Let me state right off the bat that I think Adam Sandler just might be a minion of the devil. I’m not saying he is the devil (that’s Rob Schnieder) but he’s definitely working in some way shape or form for the dark side. There was one brief moment when I thought he was going to turn his career around from playing retarded man-children – that being Punch-Drunk Love – but then he went right back at it and dashed my hopes against the wall. I didn’t even think Spanglish was that good. It was kind of a mixed bag of emotions and plot that wound up being just a mess.
His latest is Click. Sandler plays a workaholic husband and father who happens to wind obtaining what he thinks is just a simple universal remote control. In actuality what he gets is a remote control that affects the real world. He can fast forward his life, pause it and rewind, kind of like with a DVR remote. Neat concept that is sure to be dumbed-down for the Sandler crowd.
Sandler’s huge mug alongside said remote control. It’s got buttons that say things like “Play: Golf” and “Mute: Mother in Law.” Clever. Stereotypical things that a man is supposed to enjoy on the remote. Funny, in a not so much sort of way.
There were also some more posters with a bikini-clad woman and a button that said “slo mo” or something and one with a thong-clad heavyset guy that with a button over his hinder that said “delete” or something. Honestly I was so disgusted I didn’t pay that much attention. It’s pretty bad.
Pretty much what you’d expect. Sandler seems like a disappointment to everyone, including his wife and kids, until he gets the remote. Christopher Walken is the weird shop owner that sells it to him and, as usual, steals the scenes he has. Sandler uses the remote to exact revenge on some of the people in his life like his boss, a kid that’s bothering his son and others. He also uses it to slow down a busty woman jogging past him and fast forward through a fight with his wife. Everything seems to be hunky-dory until the remote stops working and he fast forwards many years to find his young daughter is all of a sudden a teenager.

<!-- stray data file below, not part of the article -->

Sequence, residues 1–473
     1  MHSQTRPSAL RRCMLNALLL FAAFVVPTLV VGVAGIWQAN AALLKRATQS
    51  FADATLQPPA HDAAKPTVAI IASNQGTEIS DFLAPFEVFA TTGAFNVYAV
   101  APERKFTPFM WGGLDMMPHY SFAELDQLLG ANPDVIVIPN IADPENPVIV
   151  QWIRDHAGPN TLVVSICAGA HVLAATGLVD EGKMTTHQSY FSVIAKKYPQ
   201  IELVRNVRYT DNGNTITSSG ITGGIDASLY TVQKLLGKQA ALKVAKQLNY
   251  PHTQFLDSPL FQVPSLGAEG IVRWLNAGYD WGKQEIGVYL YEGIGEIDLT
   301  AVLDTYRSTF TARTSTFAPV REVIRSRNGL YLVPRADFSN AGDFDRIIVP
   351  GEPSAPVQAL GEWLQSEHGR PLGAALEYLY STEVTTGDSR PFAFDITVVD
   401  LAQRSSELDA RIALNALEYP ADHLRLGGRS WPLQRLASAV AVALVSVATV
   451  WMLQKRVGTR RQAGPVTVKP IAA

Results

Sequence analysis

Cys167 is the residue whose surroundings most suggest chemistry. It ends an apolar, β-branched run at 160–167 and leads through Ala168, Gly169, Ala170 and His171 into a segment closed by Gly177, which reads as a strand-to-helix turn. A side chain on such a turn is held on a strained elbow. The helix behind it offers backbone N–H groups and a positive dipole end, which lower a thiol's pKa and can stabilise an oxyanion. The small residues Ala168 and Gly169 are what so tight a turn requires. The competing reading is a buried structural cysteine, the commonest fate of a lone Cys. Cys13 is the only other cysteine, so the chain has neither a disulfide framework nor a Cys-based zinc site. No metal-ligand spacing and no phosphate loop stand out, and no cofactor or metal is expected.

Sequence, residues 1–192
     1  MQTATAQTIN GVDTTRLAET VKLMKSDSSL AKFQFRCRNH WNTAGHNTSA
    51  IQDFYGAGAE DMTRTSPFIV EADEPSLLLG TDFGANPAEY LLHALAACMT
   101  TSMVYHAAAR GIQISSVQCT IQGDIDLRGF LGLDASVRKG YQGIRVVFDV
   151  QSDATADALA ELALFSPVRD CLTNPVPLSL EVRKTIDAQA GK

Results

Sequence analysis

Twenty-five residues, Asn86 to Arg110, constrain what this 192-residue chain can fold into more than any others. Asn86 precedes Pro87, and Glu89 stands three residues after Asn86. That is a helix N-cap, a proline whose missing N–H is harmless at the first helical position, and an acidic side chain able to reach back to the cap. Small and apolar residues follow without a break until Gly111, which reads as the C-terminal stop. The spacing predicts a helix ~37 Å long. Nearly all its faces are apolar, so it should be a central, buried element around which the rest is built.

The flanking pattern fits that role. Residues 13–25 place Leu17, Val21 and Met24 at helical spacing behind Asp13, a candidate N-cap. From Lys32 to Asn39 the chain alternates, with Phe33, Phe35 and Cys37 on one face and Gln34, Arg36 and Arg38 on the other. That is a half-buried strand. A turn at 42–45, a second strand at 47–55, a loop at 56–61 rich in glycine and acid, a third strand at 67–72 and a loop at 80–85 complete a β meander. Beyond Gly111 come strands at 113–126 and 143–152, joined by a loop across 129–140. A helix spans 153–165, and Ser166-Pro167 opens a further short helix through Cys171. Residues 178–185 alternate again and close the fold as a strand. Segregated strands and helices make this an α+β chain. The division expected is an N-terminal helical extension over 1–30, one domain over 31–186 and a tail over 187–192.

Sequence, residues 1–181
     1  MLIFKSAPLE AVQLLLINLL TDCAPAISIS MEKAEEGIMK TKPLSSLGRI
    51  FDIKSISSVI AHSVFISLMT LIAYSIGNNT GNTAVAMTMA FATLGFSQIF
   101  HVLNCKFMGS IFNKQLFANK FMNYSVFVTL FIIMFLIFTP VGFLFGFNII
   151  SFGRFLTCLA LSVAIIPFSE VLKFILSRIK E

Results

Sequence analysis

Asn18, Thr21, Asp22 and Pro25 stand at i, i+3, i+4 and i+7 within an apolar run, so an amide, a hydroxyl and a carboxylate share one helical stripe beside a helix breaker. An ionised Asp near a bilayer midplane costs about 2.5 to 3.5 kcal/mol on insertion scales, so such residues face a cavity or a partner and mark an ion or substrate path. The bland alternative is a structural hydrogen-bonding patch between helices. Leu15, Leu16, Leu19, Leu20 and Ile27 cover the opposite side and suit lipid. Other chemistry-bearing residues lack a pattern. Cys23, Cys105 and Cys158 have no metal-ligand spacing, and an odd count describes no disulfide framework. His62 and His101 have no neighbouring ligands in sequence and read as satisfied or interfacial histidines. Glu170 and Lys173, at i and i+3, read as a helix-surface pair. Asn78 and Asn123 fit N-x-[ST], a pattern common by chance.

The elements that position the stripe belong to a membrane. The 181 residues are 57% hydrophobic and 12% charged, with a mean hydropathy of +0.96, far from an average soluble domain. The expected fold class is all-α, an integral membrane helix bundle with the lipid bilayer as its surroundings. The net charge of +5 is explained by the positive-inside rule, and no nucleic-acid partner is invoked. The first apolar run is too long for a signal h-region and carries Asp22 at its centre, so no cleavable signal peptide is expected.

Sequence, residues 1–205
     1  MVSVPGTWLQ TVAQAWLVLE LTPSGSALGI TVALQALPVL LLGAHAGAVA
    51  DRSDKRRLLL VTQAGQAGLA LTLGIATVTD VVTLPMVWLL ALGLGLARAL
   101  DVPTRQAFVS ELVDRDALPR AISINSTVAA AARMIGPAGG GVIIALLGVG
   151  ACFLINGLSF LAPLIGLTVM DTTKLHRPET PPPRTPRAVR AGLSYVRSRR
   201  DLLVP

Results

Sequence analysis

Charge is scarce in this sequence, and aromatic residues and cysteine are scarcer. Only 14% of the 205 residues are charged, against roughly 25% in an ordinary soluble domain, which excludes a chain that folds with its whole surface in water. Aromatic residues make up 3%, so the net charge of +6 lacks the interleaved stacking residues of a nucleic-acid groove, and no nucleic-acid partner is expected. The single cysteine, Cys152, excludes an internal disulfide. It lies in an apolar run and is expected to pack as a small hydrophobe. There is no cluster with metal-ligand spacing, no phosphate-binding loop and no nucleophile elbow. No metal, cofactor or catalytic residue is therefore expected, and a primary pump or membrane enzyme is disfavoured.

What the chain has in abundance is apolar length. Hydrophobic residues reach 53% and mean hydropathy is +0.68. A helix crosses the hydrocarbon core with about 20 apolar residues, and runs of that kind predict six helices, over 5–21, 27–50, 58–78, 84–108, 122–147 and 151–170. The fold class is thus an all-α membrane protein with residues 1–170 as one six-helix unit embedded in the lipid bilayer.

Everything about the trailer shows that, while he’s getting older, Sandler is still playing to the repressed inner child that Hollywood thinks lives in all men. Yes, all we want to do is watch boobies and avoid our responsibilities. How insulting can you possibly be?
Think there’s anything worth noting on the official website? Take a minute and think about whether there’s anything new in the movie. There is something called a “Premiere Podcast” but it’s not available via RSS feed and there’s just the one so it’s not so much a podcast but a regular online piece of video. Don’t misuse this term or I will call you on it.
Sony also launched a site where you could upload your own photo onto the poster in place of Sandler’s face. Not bad but I didn’t see it get much coverage, which may mean that efforts like this might have run their course in terms of innovation.
Very lame effort for this one. Sandler is rapidly aging and the window he has for playing this sort of character is closing fast. He needs to decide how he’s going to extend his career beyond playing borderline idiots and grow up. If not he’s going to find parts become fewer and farther between quickly. The poster relies on the audience finding the idea of cliched behavior funny and the trailer is built for those people who “grew up” with Sandler in roles like Happy Gilmore and still want to see him do that even though they, and he, are older now. Pass.
movie marketing, sony pictures